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Bluebells near Emsworthy Mire


Wild Dartmoor

368 square miles of beautiful moorland, wooded valleys and wind-swept granite tors. It is home to a rich array of wildlife from the ash black slug and Fritillary butterfly to the iconic Dartmoor pony.  Explore its many archaeological remains, including standing stones and hut circles, and imagine what life must have been like for people living here. Climb its tors, walk alongside the rivers and streams that meander across the open moor and through its valleys, or simply sit and enjoy its spectacular views.

Ashburton is the ideal gateway to Southern Dartmoor and is the only town lying entirely within the Dartmoor National Park boundaries.  From here it
is just a stone’s throw to reach one of Dartmoor’s wooded river valleys or, if you are feeling more adventurous, the wild open moor to picnic under an imposing granite tor.


Legend has it that Houndtor rocks were originally a pack of hounds that were turned to stone by a witch. It is also said by some to have been the inspiration for Sir Arthur Conan Doyle’s book ‘The Hound of the Baskervilles’.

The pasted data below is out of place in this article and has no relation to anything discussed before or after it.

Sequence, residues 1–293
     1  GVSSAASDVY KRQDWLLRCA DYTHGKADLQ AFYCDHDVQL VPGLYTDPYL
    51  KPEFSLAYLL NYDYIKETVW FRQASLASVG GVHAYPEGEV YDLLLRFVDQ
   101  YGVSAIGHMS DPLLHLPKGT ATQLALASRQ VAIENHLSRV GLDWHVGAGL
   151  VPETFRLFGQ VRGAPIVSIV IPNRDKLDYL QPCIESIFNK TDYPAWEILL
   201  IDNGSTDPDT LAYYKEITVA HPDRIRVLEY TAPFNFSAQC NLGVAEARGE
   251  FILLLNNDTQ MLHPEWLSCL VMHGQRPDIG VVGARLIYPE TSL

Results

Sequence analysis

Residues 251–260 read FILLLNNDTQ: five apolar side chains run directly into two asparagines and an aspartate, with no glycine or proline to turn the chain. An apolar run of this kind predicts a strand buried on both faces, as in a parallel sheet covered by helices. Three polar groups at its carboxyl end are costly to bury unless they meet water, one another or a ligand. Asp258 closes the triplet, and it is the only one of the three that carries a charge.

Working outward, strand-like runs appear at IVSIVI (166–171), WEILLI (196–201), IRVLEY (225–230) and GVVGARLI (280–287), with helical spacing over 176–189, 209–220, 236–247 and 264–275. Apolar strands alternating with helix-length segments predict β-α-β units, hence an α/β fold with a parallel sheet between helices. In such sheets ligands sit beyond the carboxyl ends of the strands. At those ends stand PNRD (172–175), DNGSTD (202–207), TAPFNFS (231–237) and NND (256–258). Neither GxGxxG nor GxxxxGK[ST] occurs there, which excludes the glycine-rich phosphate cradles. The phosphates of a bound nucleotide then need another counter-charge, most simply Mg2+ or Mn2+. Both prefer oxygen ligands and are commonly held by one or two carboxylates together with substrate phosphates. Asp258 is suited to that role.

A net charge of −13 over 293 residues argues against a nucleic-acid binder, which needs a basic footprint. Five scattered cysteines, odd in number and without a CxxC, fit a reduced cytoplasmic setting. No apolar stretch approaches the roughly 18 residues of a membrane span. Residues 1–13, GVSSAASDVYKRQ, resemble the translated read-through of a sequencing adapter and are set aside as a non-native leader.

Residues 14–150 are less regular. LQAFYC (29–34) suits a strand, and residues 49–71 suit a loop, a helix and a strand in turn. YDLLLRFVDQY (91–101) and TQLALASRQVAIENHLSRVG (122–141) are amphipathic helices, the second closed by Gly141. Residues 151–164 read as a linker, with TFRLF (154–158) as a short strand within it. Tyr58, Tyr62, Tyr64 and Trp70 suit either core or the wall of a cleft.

Cycling near Two Bridges

Dartmoor by Bike

Whether you want to simply enjoy the scenery and take time to explore the lanes and paths that criss-cross the moor; or you prefer the challenge of an off-road track with spectacular views, or the thrill of riding at pace across wide open moorland roads - cycling is a great way to enjoy Dartmoor.

Pop into Ashburton Information Centre for cycle-maps, guides and advice to help you enjoy your ride.

Dartmoor for Walkers

Anyone who walks on Dartmoor regularly knows that there is so much to see throughout the year. In winter the trees, shaped by the wind, reveal their silhouettes and lichen covered branches.


Spring brings carpets of daffodils, skylarks sing on the high moor and the woods smell of wild garlic.  By May, the bluebells are flowering and you can hear the cuckoo’s distinctive call.  In the heat of summer, there are peaceful picnic spots by Dartmoor’s cooling rivers and streams and in autumn purple heather and yellow gorse cover the moors and Rowan and hawthorn trees drip with red berries  as the leaves begin to turn. There is no finer view anywhere in England!

Walking near Ashburton
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